It’s conventional wisdom that Amazon, eventually, gets its hands into everything, everywhere.
And for players in eCommerce — especially larger ones in markets that are booming — the Amazon threat is real and ever present.
It might make sense, then, that as companies craft ecosystems, they want to keep as much as they can in house as possible, including sellers and buyers on their platforms.
So it was not completely surprising when news came this week that MercadoLibre has obtained a license to operate as a financial institution (FI) in Brazil, which will help the company expand its portfolio of credit offerings. The company will have more autonomy in the direct creation and operation of financial services in Brazil, including financing. In addition, the company also has gotten a 400 million reais ($74.2 million) investment from Goldman Sachs to help expand credit services.
In a bit more granular detail on the credit operations, Mercado Credito was formed in 2017 in Brazil and has been tied to mobile wallet service Mercado Pago. Mercado Credito has approved loans for over 4 billion reais ($742 million) for 1.7 million people in around 10 million transactions, PYMNTS reported.
But recent results underscore continued momentum in the loan business. The company said during its recent earnings announcement that it had seen a record number of loan originations, up 157 percent quarter on quarter. Originations to merchants were up 172 percent. Shedding light on the continued demand for eCommerce, the company said the number of items it sold reached 206 million, up 110 percent, and payment volume was up roughly 92 percent year on year as measured in U.S. dollars to roughly $14.5 billion.
The numbers, then, underscore the twin demand for credit and commerce.
To get a sense where all this might be headed, earlier this year, the company’s Osvaldo Gimenez, executive vice president and CEO of FinTech, which includes Mercado Pago, told PYMNTS, “the most relevant variables across Latin America are banking penetration and credit card penetration.” And mPOS has also been gaining traction.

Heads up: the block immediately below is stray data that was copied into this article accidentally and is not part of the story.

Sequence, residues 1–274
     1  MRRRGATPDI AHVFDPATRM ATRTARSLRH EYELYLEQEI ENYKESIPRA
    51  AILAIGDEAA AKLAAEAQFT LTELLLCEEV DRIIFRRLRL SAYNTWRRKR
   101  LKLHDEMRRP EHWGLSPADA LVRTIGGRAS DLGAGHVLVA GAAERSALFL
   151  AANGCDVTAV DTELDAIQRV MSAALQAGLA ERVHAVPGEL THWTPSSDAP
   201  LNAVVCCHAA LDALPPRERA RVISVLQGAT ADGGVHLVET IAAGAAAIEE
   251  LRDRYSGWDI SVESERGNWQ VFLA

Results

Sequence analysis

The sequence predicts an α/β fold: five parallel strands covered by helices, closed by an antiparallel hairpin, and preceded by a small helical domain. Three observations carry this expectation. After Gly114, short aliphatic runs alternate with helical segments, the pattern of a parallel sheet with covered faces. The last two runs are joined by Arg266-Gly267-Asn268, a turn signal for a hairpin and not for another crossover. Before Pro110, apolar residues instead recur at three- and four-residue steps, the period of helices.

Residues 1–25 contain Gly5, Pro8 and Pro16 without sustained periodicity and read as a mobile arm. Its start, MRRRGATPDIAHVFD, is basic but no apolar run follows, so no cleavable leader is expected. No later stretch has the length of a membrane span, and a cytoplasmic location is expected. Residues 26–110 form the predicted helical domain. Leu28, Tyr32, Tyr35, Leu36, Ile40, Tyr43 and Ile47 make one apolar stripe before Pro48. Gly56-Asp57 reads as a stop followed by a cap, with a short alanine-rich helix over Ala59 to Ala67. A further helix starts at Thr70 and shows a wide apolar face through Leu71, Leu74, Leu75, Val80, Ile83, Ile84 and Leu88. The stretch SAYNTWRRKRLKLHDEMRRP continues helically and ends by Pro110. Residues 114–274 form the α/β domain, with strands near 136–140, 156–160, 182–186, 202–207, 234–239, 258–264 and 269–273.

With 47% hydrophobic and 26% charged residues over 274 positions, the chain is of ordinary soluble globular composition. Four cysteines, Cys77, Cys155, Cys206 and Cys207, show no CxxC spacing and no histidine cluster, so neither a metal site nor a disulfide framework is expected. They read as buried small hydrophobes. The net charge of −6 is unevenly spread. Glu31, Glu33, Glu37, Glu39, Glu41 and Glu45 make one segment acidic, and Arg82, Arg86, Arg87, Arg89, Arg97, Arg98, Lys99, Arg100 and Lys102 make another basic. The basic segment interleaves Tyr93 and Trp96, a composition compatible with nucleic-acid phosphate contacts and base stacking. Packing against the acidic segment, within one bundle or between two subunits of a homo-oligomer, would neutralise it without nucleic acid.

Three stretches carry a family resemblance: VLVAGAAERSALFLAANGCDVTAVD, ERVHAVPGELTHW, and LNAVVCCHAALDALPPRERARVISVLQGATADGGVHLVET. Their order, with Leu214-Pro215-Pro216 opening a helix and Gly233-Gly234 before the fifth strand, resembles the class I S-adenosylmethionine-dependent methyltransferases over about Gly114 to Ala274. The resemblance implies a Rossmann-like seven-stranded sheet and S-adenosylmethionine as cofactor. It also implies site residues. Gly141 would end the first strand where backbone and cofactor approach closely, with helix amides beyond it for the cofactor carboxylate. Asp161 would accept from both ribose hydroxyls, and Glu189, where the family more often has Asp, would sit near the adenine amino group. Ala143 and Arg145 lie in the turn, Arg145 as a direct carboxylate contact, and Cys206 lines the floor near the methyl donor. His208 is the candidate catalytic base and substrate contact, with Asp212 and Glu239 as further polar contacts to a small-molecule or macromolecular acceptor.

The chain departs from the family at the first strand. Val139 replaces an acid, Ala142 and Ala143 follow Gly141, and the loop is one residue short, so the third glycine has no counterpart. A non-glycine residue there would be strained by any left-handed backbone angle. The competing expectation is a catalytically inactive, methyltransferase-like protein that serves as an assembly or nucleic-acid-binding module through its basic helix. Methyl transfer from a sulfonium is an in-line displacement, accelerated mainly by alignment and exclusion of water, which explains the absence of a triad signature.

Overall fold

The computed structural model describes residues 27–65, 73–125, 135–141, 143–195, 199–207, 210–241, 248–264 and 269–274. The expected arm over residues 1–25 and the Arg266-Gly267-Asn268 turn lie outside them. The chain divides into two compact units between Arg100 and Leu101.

“Even today, when we look at our competitors, most of them are already strong in one or at the most two countries,” he said. “Nobody’s serving the entire Latin America region, probably because of the complexity and scope of the products we serve.”
Amazon, of course, might beg to differ. It just opened up new logistics hubs in Brazil as it does battle against MercadoLibre, which has been called the Amazon of Latin America. Amazon Prime launched in Brazil late last year, and in September, EBANX and Amazon debuted a partnership that lets consumers in Colombia pay for Amazon transactions using preferred payment methods.
When it comes to banking, marquee names might matter. Last year, PYMNTS — in its “Where Will We Bank Next” survey of American consumers — found that as much as 35 percent said they would be interested in using services offered by Amazon. We might extend those same preferences to individual markets, such as in Brazil, where the marquee commerce/credit name is MercadoLibre.
Sometimes, then, the best defense is a good offense — at least when it comes to shoring up eCommerce ecosystems.